Pavarin RM, Emiliani F, Passini S, Mameli C, Palareti L. Risky consumption, reasons for use, migratory status and normalization: the results of an Italian study on minors aged between 13 and 16. Inter J of Migration, Health and Social Care, 12(4): 264-77

Pubblicato il 13/04/2017

The purpose of this paper is to describe the relationship between migratory status, the use of legal and illegal psychoactive substances and psychological disorders perceived in a sample of minors.

A transversal multicentre study was carried out with interviews with young people aged 13-16 years recruited from middle and high schools in Italy.

The results show the implementation of a process of normalization in terms of the presence of legal and illegal psychoactive substances in the living contexts of the minors, of their widespread early use and of a substantial indifferentiation in the reasons for use (e.g. pleasure, curiosity, fun). Youths born in Italy with at least one non-native parent are noteworthy for an elevated prevalence of perceived psychological disorders and for particular lifestyles linked to the use of marijuana, alcohol abuse and the intensive consumption of tobacco. Second-generation minors show symptoms of psychological malaise, anxiety and depression before which the use of substances appears to realize a particular form of self-cure.

This study presents some objective limits that indicate prudence in generalizing the results: only those who obtained consent from their parents were interviewed and the information communicated in the interviews could have been influenced by various factors, including the situation and the location. The authors used a standard definition of binge-drinking (Valencia-Martín et al., 2008). Actually, different criteria (i.e. number of drinks, time of consumption, etc.) and formulations of the question are used in different surveys, showing that there is as yet no consensus definition of binge-drinking. Nevertheless, the term has become somewhat confusing as it is often used as a synonym of drunkenness, making cross-cultural comparisons difficult (Beccaria et al., 2014). These are aspects that limit the generalizability of the results to the interviews alone and do not allow for prevalence estimates. Nevertheless, the results offer useful indications for future prevention projects specifically oriented to early adolescence.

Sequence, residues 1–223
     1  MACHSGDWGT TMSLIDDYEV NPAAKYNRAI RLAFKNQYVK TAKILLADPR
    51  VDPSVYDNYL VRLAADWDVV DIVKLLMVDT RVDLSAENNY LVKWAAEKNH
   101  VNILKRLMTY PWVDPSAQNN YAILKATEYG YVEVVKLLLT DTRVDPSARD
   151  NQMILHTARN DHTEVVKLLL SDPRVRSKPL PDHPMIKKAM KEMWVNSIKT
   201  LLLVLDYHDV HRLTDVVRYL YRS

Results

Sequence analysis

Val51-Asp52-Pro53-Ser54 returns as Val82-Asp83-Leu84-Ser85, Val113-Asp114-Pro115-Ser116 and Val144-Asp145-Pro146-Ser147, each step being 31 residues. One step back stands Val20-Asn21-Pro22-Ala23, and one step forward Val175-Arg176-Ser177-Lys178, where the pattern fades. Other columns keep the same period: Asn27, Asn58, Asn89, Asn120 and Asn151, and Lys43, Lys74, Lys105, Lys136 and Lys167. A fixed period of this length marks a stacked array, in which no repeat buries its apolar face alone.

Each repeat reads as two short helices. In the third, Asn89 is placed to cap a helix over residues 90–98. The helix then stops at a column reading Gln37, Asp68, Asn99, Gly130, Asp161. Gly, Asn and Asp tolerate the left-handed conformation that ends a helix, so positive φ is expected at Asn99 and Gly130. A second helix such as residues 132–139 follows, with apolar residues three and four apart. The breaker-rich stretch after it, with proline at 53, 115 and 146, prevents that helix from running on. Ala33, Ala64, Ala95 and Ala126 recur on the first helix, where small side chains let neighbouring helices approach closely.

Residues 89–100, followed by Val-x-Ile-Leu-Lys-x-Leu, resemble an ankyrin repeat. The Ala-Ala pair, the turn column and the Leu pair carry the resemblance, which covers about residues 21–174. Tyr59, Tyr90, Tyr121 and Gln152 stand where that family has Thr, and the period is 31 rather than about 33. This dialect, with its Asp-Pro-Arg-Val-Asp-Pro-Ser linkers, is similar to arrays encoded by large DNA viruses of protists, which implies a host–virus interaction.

The results of the study, on the one hand, document the growing use of legal and illegal proactive substances among minors and the relative cultural trend in this particular age band, testified to by the high number of those who have been present in situations of consumption to whom the substances were offered; on the other, they evidence a subpopulation of youths born in Italy with at least one non-native parent (i.e. second generation of immigrants). These youths stand out for an elevated prevalence of perceived psychological disorders and for their particular lifestyles connected to the use of marijuana, alcohol abuse and the intensive consumption of alcohol. This is also the group with the highest percentage of mothers alone in the family.

A group of adolescents living in a monoparental family, that is, with the mother alone emerges, and as the literature has shown, family structure and poverty are linked (Landale et al., 2011; Svensson and Hagquist, 2009). In fact, such mothers, even those with a high level of education, are mostly unemployed. Adolescents with a single parent often not only face resource deficits but also other risk factors, such as high family stress, inadequate supervision, multiple family transitions and frequent residential moves. Specifically, these second-generation adolescents are female and they manifest sensation-seeking behaviours, but without drug abuse.

The results of the study show new and little-known aspects of the multicultural Italian society that is changing profoundly that should be explored in more detail by targeted research that also focussed on structural factors relatable to specific social positions. In this framework, a particular subgroup, i.e. the second-generation minors, shows symptoms of psychic malaise, anxiety and depression in terms of which substance use seems to realize a form of self-cure